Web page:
Opposition protests as ZANU-PF wins Zimbabwe parliament
Supporters of Zimbabwean opposition leader Nelson Chamisa celebrate as they gather outside the Opposition Movement for Democratic Change (MDC) headquarters in Harare, on August 1, 2018. Zimbabwe's ruling ZANU-PF party wins the most seats in parliament, according to official results, as the count continues in the country's presidential race and the opposition MDC cries foul, alleging widespread fraud. (MARCO LONGARI / AFP)
(AFP) - Zimbabwe's ruling ZANU-PF party won the most seats in parliament, official results showed Wednesday, as the opposition MDC protested against alleged widespread fraud and the count continued in the key presidential race.
The parliamentary results strengthened the chances of President Emmerson Mnangagwa holding power, but triggered MDC demonstrations in Harare and fears of clashes between angry opposition supporters and the government.
EU observers are due to give their preliminary report on Zimbabwe's election later Wednesday, two days after its first ballot since Robert Mugabe was ousted by the military after 37 years in power.
With elections under Mugabe marred by fraud and often deadly violence, his successor Mnangagwa, 75, had promised a free and fair vote and invited international observers.
The Zimbabwe Electoral Commission (ZEC) said of 210 parliamentary seats, 153 had been counted with ZANU-PF winning 110 and the MDC Alliance 41.
Several hundred MDC (Movement for Democratic Change) supporters gathered outside the party headquarters in Harare, chanting and shouting that they had won the elections.
Anti-riot police backed by water cannon trucks monitored the protesters.
"The results are biased, trying to give the impression that ZANU has won," said Lawrence Maguranyi, 21, an MDC supporter and university student.
The MDC did not immediately respond to the parliamentary figures but its presidential contender Nelson Chamisa, 40, said the presidential results were being faked.
"ZEC seeks to... reverse the people's presidential election victory. The strategy is meant to prepare Zim mentally to accept fake presidential results," he tweeted. "We won the popular vote and will defend it!"
- Call to refrain from violence -
The regional SADC bloc, in its preliminary report, said on Wednesday that the campaign and election had "proceeded in a peaceful and orderly manner and were largely in line" in Zimbabwean law.
It called for any aggrieved candidates to "refrain from any form of violence".
If no presidential candidate wins at least 50 percent of the ballots cast in the first round, a run-off vote is scheduled for September 8.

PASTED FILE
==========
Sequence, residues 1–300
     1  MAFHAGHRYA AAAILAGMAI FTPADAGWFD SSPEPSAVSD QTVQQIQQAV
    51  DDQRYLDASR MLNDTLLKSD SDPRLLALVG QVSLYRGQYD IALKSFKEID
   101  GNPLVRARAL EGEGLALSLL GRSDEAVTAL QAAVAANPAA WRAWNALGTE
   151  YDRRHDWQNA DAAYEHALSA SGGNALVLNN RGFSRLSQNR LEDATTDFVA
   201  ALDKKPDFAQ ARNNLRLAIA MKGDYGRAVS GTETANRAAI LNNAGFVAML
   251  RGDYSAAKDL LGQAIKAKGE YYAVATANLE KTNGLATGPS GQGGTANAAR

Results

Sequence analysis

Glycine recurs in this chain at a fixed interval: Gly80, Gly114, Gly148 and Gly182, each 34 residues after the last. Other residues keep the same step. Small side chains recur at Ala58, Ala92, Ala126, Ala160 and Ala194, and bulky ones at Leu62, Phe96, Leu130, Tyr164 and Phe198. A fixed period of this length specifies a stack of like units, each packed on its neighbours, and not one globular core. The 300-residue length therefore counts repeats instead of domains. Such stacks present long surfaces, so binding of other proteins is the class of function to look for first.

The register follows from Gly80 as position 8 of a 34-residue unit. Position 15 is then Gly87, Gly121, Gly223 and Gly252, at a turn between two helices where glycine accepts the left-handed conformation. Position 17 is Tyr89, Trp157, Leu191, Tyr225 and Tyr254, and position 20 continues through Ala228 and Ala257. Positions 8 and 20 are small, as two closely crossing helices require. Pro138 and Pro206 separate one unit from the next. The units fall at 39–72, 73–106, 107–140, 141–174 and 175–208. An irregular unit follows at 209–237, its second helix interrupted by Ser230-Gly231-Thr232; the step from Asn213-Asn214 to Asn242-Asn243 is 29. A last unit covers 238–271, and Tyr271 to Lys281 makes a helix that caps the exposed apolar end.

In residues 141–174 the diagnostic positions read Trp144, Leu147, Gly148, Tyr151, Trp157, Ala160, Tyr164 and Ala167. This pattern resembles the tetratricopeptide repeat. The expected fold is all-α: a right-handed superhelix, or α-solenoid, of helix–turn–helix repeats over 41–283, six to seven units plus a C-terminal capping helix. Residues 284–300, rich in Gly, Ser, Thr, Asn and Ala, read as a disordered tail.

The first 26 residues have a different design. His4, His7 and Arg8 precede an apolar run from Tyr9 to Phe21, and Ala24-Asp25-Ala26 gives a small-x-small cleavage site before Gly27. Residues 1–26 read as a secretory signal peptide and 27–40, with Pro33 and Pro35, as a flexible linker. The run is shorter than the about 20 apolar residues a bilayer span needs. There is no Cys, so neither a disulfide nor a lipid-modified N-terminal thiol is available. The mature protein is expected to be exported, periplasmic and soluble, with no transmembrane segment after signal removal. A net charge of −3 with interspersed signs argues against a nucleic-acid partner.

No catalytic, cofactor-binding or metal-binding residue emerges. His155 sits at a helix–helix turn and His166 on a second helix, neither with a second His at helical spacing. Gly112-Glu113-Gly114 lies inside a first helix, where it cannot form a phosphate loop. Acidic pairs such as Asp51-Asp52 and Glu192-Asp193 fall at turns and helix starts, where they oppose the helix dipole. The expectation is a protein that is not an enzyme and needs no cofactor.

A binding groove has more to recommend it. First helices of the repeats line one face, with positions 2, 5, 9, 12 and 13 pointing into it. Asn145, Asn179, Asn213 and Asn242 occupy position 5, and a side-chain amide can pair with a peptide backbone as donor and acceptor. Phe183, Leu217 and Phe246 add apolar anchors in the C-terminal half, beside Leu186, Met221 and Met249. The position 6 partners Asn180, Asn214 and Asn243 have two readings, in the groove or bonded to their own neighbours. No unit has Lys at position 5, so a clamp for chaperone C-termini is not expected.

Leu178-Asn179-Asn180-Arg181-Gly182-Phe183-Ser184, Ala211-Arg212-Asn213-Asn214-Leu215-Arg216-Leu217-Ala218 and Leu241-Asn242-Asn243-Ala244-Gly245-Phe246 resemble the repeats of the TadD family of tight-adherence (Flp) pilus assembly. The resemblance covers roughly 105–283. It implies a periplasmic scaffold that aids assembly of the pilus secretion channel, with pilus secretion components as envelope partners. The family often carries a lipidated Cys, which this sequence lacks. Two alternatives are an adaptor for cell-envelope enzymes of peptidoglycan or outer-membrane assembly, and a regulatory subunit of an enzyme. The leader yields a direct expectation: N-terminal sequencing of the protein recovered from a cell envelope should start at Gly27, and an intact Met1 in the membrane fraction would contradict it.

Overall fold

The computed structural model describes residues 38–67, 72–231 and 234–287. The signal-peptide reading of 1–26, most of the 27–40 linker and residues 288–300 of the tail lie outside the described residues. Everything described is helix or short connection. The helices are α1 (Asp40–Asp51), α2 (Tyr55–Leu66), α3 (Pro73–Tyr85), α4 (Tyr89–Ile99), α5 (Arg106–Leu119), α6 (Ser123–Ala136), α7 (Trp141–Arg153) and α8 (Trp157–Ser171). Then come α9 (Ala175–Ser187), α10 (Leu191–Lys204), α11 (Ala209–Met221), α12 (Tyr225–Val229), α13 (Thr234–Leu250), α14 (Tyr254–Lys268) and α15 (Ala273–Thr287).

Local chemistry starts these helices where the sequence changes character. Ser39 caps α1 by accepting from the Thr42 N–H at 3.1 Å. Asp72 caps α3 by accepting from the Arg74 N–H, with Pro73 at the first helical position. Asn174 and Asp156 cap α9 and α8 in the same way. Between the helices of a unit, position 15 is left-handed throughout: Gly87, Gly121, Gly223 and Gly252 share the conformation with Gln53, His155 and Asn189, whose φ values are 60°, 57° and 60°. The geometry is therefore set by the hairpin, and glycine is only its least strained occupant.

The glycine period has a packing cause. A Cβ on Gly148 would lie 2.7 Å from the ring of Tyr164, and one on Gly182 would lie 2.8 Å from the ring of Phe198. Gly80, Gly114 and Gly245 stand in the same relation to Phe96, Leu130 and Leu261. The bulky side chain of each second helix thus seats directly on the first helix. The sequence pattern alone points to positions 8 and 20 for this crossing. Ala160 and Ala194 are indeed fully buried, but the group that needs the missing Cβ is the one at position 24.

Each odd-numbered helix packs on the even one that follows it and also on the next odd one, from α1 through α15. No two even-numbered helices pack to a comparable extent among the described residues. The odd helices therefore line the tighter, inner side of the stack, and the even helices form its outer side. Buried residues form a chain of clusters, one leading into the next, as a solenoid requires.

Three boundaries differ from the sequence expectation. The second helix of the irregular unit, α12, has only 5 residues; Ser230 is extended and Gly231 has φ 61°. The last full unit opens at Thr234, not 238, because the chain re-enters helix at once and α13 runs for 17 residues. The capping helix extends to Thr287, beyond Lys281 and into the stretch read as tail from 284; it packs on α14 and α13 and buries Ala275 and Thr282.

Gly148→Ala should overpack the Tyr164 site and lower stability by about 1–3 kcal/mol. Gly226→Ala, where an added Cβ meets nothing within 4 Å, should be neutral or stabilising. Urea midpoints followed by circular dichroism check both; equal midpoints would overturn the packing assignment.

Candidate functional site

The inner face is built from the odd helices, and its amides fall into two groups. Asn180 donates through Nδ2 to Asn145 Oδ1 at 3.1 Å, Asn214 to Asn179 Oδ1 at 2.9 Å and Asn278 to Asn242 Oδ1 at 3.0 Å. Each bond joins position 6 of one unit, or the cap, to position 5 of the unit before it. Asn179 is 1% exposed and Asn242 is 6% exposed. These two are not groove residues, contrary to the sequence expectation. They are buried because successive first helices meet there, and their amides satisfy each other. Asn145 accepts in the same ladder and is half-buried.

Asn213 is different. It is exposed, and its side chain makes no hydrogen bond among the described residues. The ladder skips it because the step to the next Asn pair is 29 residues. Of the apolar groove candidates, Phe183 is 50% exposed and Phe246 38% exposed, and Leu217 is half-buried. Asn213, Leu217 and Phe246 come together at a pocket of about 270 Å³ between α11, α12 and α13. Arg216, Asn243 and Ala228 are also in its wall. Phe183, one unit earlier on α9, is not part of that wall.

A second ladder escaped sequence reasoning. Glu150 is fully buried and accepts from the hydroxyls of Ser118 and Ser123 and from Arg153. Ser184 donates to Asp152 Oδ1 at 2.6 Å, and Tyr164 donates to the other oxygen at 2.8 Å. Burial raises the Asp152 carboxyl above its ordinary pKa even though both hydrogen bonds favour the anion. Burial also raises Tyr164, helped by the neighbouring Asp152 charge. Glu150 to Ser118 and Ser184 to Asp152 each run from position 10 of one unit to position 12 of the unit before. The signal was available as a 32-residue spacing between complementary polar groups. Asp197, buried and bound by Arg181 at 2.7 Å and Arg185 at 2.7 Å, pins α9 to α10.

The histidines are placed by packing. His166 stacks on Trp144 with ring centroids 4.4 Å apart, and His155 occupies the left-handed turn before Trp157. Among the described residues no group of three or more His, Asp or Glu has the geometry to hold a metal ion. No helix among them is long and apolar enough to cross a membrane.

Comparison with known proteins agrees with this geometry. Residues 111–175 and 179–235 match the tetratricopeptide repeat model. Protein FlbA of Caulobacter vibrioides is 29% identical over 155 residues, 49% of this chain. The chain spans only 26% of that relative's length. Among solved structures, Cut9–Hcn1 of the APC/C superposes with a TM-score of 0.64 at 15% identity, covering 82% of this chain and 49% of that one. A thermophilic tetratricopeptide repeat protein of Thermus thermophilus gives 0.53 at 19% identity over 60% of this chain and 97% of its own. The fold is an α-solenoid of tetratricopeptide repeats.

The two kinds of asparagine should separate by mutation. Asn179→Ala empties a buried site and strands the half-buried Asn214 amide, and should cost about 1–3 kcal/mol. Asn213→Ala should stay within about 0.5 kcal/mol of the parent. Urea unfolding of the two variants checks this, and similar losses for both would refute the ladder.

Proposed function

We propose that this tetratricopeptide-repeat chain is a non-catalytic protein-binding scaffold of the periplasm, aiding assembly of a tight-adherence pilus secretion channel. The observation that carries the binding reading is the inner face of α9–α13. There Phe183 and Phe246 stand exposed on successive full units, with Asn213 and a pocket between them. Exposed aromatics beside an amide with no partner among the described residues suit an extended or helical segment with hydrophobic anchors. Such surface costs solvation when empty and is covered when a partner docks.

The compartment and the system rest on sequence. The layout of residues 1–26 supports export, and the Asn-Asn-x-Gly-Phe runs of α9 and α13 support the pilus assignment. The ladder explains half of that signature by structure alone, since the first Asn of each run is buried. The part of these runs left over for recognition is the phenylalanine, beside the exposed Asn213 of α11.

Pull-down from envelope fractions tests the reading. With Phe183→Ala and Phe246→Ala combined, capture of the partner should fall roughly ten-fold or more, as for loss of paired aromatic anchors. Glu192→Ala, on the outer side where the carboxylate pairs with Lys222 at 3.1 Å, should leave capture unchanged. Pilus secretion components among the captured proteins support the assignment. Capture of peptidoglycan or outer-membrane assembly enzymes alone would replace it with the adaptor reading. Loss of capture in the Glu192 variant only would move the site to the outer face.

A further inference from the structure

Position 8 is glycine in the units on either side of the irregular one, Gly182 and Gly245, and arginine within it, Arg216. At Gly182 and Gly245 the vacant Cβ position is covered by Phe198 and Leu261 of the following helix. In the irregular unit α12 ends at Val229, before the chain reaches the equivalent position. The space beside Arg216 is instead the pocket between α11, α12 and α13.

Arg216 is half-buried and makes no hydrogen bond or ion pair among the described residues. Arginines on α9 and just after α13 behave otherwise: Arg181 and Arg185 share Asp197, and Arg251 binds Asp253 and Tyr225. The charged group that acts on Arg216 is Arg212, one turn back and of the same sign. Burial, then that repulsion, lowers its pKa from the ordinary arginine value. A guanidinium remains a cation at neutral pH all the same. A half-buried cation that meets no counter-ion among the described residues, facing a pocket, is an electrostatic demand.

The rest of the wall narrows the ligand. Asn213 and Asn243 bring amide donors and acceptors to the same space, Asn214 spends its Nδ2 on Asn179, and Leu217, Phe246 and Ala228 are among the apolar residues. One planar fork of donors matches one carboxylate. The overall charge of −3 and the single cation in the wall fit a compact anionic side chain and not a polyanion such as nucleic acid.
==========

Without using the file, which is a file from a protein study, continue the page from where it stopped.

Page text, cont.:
The electoral commission had warned that final results of the presidential first round may not be known until Friday or even Saturday.
But it said partial presidential results could be announced later Wednesday.
"We are working flat-out," commission chairwoman Priscilla Chigumba told journalists in the capital.
Chigumba, a high court judge, has flatly denied allegations of bias and strongly disputed accusations of rigging.
Analysts have said it was unclear whether the country's generals who ousted Mugabe and ushered Mnangagwa into office would allow an MDC victory.
"There is no way that ZANU-PF will accept an MDC victory. We know that people will be beaten -- especially in rural areas, like what they were doing before," said Harare shop worker Tracy Kubara, 26.
Mugabe, 94, who ruled for nearly four decades, voted in Harare alongside his wife Grace.
It followed a surprise press conference at which he stunned observers by calling for voters to reject ZANU-PF, his former party.
Mnangagwa, Mugabe's former right-hand man, was the clear election front-runner, benefitting from tacit military support and control of state resources.
But Chamisa, a lawyer and pastor who performed strongly on the campaign trail, sought to tap into the youth and urban vote.
He has repeatedly accused ZANU-PF and election authorities of trying to use a flawed electoral register and fixed ballot papers to steal the election.
Whoever wins will face a mass unemployment crisis and an economy shattered by the Mugabe-era seizure of white-owned farms, the collapse of agriculture, hyperinflation and an exodus of investment.
Mnangagwa was allegedly involved in violence and intimidation during the 2008 elections when then opposition leader Morgan Tsvangirai pulled out of the run-off after attacks claimed the lives of at least 200 of his supporters.
© Agence France-Presse